Employment Relations Bill

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Anne Picking: Is it not the case that this is about balancing the process? It is normally stacked against the employee, because the employer has always had the support of a human resources or personnel department, with the relevant expertise, skills and training, to give them advice or to speak on their behalf. The employee, who does not have those skills, is totally on their own. I have a view that those employed in personnel departments should be there to represent all people in the work force, and not just be a management tool. However, that is what happens, so this provision is about stacking it right.

Mr. Sutcliffe: My hon. Friend is right. It is about getting the balance right in what is a difficult environment for both parties. The measure tries to give the worker the opportunity to maximise his or her position in that difficult hearing by taking a companion—whether a colleague, friend, or trade union official. It also aims to ensure that the employer has the right to ask questions of the worker. I hear what my hon. Friend the Member for Dagenham and the hon. Member for Huntingdon are saying. I believe that there is an issue in terms of the employer—if one reads the new subsection that way—being able to stop the companion from answering a question. However, the companion can express a view about the questions asked.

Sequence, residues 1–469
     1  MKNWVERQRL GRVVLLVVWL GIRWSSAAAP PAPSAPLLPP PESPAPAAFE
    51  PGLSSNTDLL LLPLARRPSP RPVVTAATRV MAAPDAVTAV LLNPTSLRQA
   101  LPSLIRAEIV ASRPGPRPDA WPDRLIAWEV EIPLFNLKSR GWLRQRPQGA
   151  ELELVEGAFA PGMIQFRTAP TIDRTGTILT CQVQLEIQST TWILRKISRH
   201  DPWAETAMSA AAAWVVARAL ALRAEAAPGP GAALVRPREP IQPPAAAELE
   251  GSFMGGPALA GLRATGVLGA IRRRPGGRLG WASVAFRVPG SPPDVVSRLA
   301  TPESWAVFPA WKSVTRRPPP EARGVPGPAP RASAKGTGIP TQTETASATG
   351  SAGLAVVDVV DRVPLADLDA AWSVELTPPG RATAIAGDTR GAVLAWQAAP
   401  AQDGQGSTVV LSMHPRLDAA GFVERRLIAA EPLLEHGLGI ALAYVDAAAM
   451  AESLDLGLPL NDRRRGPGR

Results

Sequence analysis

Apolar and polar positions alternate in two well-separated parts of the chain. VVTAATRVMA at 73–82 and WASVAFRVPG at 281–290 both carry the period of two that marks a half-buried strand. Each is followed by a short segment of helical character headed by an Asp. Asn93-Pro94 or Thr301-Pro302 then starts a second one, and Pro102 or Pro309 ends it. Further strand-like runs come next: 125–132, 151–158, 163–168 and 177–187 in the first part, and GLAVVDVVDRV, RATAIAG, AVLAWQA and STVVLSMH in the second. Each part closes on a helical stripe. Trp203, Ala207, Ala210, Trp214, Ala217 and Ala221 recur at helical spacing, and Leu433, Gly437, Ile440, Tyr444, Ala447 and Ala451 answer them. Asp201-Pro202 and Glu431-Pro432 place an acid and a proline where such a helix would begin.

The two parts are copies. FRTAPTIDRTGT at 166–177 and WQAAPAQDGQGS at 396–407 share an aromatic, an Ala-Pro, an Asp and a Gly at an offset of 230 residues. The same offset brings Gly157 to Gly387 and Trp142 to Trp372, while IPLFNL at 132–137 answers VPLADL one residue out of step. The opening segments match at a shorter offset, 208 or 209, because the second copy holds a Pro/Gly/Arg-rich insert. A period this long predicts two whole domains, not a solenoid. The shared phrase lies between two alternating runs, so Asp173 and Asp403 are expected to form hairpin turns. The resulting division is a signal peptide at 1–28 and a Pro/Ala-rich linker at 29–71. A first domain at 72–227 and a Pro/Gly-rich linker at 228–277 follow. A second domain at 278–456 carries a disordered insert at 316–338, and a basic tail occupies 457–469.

I accept the spirit in which the hon. Member for North-West Norfolk introduced his amendments, but we do not think that they are necessary. There is clarity in what we are trying to achieve. I ask him to withdraw the amendment.

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Mr. Bellingham: I am grateful to the Minister for that explanation. Confusion is too strong a word, but there is obviously still a certain lack of clarity. To return to the key point, if the employer decides not to permit the companion to answer questions on behalf of the employee, it should not prevent the employer from putting the same questions to the employee. Perhaps we can come back to the matter at a later stage. As my hon. Friend the Member for Huntingdon and other hon. Members have indicated, there is a possible pitfall here. I accept the Minister's view that amendment No. 53 is not strictly necessary. However, it would not detract in any way from what the clause sets out to do, and we feel that it would benefit the worker ultimately, and make the process smoother and more workable.